The especially unique one-of-a-kind artifacts recovered from the SS Republic wreck site include a rare and virtually intact child's tea set consisting of a teapot accompanied by four cups and saucers, a waste bowl, a sugar bowl and creamer. The sugar bowl and teapot are missing their lids. Such sets of the era were intended not only as toys, but also to teach young girls how to serve tea properly. Bearing several complementary motifs, the assemblage features a neoclassical decorative theme which had been popular in the arts for many years, prompted by the 18th-century archaeological discoveries of the buried Roman cities of Pompeii and Herculaneum in Italy (the excavations of which began in 1738 and 1748, respectively). The use of black figures dressed in classical garb against a red background is reminiscent of Classical Greek vases. The decorations were applied to the plates and vessels with transfer prints much like a decal, and then the pieces were fired to make the decoration permanent.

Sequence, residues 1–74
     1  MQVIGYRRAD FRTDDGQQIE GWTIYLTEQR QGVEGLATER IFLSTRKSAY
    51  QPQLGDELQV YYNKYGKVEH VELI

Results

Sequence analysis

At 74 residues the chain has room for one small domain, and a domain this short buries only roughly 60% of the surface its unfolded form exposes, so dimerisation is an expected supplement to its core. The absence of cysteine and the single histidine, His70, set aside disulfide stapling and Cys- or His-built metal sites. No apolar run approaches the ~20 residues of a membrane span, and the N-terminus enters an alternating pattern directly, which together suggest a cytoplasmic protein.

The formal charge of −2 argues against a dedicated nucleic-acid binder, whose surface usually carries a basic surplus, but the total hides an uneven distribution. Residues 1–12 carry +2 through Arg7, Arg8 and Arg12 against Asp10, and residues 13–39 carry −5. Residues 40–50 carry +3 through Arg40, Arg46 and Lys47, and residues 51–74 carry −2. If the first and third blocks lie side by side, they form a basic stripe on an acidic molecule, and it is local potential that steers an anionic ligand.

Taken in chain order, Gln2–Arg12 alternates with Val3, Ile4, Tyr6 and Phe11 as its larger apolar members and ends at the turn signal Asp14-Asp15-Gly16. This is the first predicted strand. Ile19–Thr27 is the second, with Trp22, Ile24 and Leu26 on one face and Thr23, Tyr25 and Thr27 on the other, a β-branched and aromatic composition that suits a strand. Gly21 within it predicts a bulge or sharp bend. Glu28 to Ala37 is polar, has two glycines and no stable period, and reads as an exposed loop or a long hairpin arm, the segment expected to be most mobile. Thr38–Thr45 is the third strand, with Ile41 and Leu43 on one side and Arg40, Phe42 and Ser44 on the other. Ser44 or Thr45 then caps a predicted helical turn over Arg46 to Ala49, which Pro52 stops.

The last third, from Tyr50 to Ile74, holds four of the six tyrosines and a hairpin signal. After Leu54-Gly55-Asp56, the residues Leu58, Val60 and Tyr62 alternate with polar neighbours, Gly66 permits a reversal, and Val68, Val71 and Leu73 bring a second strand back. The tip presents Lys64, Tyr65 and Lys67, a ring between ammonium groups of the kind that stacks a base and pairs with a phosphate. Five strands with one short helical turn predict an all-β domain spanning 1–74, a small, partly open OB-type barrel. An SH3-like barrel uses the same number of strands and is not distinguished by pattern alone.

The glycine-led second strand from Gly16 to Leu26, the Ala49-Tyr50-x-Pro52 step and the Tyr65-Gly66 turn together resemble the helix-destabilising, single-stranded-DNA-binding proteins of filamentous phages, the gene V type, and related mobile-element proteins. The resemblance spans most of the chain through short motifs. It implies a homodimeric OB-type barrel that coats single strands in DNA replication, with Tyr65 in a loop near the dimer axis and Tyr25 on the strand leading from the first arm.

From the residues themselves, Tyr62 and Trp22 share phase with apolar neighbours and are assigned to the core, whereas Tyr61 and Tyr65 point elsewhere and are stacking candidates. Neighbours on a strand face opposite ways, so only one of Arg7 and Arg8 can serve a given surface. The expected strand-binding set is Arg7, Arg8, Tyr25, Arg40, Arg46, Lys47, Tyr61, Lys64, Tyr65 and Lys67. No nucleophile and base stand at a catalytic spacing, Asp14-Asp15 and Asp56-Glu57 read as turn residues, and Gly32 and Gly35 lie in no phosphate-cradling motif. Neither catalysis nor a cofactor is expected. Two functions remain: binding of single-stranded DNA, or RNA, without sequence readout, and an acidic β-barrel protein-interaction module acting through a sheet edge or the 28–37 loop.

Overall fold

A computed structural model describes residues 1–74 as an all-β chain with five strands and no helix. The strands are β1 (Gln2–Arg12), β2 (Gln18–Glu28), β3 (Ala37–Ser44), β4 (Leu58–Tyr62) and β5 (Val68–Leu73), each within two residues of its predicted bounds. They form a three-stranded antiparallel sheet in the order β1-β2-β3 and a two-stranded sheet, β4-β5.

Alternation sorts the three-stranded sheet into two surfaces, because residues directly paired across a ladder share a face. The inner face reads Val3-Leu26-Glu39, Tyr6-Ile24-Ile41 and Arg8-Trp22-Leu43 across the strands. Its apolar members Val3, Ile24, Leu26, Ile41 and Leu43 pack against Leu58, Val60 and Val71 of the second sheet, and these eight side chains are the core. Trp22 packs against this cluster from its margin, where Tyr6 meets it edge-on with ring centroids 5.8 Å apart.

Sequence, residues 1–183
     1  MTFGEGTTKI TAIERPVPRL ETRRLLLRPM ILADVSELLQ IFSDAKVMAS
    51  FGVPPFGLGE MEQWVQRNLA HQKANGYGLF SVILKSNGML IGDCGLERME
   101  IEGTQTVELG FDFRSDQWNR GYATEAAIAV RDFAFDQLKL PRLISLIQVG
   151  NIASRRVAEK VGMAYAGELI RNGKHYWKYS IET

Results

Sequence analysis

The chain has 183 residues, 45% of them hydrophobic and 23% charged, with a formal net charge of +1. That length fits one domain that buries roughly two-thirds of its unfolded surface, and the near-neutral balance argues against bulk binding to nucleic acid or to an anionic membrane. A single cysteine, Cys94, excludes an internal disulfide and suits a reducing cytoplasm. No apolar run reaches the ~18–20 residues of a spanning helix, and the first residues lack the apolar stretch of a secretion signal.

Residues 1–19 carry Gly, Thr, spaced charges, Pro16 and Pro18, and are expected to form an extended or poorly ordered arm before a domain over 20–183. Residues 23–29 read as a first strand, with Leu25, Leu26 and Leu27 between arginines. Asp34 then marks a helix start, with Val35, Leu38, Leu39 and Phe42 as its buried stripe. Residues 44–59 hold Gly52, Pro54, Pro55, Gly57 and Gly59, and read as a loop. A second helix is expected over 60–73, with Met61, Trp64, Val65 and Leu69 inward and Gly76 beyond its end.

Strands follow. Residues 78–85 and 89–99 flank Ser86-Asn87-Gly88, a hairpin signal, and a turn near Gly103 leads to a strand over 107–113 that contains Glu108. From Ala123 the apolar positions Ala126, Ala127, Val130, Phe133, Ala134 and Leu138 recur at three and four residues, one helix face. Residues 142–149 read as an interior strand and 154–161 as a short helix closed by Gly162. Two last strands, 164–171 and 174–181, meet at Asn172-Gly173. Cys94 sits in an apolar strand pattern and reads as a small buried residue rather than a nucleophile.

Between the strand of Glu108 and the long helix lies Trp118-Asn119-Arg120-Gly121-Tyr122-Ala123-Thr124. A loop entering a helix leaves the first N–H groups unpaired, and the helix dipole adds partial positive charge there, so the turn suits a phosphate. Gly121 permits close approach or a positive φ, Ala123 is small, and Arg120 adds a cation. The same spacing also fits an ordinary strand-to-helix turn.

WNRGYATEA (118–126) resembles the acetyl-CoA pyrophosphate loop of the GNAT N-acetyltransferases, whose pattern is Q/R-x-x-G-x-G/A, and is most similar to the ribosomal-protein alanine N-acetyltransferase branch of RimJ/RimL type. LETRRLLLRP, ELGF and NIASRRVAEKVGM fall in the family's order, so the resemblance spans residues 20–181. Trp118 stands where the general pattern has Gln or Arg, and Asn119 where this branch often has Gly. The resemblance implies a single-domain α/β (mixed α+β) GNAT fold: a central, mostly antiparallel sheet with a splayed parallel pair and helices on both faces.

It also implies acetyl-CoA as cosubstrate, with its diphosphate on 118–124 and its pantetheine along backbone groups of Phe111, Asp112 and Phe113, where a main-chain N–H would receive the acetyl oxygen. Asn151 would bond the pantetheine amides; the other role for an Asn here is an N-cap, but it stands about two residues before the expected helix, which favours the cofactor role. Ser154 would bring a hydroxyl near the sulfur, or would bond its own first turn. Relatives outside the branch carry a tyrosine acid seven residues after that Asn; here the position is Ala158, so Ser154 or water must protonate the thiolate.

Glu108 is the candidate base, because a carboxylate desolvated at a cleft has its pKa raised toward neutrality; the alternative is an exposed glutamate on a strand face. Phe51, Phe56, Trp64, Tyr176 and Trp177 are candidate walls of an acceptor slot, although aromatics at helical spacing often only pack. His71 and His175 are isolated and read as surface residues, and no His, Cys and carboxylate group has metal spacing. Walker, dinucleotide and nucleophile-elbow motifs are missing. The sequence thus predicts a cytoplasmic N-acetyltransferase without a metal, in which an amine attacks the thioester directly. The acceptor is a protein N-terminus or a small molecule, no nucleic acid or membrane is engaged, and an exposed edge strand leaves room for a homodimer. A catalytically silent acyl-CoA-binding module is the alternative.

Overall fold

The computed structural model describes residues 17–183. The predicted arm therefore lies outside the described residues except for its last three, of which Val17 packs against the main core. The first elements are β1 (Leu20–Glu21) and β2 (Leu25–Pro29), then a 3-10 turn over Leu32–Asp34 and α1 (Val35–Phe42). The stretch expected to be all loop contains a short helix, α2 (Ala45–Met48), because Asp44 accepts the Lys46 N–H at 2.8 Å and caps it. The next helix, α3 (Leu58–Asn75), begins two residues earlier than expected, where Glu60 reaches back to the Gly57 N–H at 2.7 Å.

Lacking maker's marks, the pottery that produced the tea set remains unidentified. However it may be the product of Great Britain's Staffordshire District, with potters such as Josiah Wedgwood of Burlsem caught up in the passion for Greek, Etruscan, and Roman culture that swept England beginning in the later 18th century.